— 2.6 —
Face, who was now wearing his Captain’s uniform, entered the room. Abel Drugger followed him.
Captain Face said to Drugger, “The alchemist is busy with his spirits, but we’ll see him.”
Subtle said, “What is it? What mates and what Bayards have we here?”
“Mates” are “low fellows.” “Bayard” is a common name for a horse. The proverb “as bold as blind Bayard” referred to blundering into places where the blunderer did not belong.
Captain Face said to Drugger, “I told you that he would be furious.”
He then said to Subtle, “Sir, here’s Nab. He has brought you another piece of gold to look on.”
“Nab” is a nickname for Abel.
He said to Drugger, “We must appease him. Give the gold piece to me.”
Drugger gave the gold coin to Face, who gave it to Subtle, saying, “He asks that you would devise for him — what is it, Nab?”
“A sign, sir.”
“Yes,” Face said. “A good lucky one, a thriving sign, doctor.”
“I was devising now,” Subtle said.
He meant that he had been creating Drugger’s horoscope.
Face whispered to him, “By God’s light, do not say so. Drugger will repent he gave you any more gold.”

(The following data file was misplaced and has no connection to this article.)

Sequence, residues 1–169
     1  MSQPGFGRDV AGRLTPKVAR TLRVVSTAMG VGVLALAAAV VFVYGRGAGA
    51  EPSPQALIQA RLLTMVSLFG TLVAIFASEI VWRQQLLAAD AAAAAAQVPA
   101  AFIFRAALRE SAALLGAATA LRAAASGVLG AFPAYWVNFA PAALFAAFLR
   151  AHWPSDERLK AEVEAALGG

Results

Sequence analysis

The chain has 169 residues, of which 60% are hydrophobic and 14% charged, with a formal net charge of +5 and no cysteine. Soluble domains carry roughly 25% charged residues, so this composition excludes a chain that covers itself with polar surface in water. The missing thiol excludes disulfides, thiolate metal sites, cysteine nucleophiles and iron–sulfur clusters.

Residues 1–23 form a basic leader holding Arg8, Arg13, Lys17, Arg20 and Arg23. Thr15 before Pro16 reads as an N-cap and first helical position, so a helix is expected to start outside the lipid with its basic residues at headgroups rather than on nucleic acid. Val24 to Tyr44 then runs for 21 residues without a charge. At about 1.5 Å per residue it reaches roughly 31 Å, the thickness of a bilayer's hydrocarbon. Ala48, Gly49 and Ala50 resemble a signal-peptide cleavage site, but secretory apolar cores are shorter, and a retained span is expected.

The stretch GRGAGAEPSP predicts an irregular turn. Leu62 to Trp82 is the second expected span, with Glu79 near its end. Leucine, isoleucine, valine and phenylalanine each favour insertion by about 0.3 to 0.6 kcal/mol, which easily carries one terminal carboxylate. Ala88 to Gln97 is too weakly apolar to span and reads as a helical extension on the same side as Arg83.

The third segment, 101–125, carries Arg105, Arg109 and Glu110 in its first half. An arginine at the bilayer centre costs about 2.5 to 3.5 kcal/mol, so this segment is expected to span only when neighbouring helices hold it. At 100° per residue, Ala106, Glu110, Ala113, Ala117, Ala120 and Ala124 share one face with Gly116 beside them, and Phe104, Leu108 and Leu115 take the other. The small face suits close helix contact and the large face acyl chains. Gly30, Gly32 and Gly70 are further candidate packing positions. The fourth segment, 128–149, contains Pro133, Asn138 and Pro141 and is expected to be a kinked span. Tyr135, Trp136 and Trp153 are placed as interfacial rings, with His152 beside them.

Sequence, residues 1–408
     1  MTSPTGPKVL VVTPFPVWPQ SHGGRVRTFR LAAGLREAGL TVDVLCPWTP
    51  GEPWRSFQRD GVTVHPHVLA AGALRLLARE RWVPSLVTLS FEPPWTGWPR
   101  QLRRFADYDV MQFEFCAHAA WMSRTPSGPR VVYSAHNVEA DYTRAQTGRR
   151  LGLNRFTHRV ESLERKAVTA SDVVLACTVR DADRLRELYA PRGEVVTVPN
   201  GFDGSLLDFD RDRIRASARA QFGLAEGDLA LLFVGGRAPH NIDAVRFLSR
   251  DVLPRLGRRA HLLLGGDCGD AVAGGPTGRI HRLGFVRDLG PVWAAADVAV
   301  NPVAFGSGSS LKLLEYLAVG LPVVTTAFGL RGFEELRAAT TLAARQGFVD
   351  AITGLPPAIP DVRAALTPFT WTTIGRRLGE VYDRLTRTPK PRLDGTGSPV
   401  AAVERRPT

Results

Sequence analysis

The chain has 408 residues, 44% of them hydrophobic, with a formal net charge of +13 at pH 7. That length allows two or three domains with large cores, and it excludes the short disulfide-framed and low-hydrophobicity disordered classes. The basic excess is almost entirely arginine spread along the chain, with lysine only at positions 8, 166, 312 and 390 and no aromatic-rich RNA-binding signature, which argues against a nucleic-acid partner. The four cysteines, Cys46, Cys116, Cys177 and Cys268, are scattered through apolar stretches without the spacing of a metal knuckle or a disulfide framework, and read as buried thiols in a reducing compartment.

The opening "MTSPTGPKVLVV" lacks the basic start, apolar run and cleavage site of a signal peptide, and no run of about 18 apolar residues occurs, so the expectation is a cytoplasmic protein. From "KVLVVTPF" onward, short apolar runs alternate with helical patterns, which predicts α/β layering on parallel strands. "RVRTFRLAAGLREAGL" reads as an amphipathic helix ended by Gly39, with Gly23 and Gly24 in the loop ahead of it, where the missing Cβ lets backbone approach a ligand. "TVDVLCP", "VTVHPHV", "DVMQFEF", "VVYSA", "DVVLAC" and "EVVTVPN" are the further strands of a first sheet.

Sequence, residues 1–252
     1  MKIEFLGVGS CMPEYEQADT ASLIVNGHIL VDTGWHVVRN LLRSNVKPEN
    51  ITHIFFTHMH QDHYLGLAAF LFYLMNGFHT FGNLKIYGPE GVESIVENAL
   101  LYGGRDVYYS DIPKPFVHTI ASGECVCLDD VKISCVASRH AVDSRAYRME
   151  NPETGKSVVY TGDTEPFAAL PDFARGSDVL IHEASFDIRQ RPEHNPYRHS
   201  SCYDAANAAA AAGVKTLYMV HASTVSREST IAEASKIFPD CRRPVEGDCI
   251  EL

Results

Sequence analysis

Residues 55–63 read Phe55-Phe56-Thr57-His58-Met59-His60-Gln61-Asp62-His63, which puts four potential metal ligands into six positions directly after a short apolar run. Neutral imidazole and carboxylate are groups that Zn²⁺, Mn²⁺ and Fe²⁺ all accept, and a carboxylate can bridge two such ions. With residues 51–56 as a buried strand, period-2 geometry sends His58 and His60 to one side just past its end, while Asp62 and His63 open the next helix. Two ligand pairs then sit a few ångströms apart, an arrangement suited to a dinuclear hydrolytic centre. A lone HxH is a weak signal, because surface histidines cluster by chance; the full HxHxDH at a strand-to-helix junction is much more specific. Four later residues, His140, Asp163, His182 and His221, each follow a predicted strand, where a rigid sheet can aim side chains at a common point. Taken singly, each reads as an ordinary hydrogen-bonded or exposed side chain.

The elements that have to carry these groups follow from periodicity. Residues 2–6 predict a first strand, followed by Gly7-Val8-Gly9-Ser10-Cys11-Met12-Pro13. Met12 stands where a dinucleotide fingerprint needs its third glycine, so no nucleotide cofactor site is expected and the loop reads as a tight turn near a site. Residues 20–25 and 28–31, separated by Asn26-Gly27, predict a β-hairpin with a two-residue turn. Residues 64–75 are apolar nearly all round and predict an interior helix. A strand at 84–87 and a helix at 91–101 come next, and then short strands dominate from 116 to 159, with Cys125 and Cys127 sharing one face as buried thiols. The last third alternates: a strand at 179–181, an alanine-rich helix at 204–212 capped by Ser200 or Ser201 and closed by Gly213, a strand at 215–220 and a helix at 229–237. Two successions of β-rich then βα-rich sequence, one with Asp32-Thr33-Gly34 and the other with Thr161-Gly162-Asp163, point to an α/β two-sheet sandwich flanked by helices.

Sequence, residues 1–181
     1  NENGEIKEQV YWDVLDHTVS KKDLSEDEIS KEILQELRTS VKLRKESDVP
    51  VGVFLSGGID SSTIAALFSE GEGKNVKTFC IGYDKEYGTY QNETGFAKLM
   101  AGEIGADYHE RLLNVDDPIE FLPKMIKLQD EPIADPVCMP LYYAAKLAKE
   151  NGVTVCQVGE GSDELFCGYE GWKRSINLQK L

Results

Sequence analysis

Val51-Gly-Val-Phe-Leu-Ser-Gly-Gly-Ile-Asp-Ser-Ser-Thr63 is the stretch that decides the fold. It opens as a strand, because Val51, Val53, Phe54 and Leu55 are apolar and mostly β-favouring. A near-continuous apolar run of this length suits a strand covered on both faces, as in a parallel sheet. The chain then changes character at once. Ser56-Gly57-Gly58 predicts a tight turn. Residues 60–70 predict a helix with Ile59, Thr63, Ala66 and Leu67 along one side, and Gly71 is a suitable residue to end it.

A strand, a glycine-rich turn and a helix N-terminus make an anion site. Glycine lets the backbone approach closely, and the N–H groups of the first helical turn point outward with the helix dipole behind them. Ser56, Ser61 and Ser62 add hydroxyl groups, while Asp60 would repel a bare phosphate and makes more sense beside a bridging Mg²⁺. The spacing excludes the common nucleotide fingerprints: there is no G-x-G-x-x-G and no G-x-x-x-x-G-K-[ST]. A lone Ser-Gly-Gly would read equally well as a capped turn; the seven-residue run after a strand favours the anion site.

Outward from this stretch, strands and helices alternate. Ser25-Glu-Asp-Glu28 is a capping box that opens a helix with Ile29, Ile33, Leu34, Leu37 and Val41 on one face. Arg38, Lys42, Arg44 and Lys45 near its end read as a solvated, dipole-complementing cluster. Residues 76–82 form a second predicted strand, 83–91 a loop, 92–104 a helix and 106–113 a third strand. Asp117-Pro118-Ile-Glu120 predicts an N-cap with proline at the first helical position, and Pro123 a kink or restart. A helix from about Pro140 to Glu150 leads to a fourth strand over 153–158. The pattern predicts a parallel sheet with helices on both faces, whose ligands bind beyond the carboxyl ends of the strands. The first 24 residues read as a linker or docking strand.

He then said out loud, “What say you to his constellation — Libra — Doctor? Should the balance be his sign?”
Subtle decided to do something different from that. He did not want Drugger to repent giving more gold.
“No, that way is stale, and common,” Subtle said. “A townsman born in Taurus gives the bull, or the bull’s-head, as his sign. A townsman born in Aries gives the ram as his sign. It’s a poor device!
“No, I will have Drugger’s name formed in some mystic characters whose emanations, striking the senses of the passersby, shall, by a powerful influence, breed inclinations, such as a powerful desire for tobacco, that may benefit the party who owns the sign. Let me think.”
Subtle was going to create a rebus for Abel Drugger. A rebus is a cryptic representation of a name, word, phrase, or sentence, using pictures and letters.